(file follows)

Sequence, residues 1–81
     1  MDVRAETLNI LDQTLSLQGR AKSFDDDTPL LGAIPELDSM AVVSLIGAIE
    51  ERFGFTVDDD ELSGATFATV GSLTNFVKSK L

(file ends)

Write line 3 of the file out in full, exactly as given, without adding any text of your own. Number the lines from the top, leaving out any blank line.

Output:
    51  ERFGFTVDDD ELSGATFATV GSLTNFVKSK L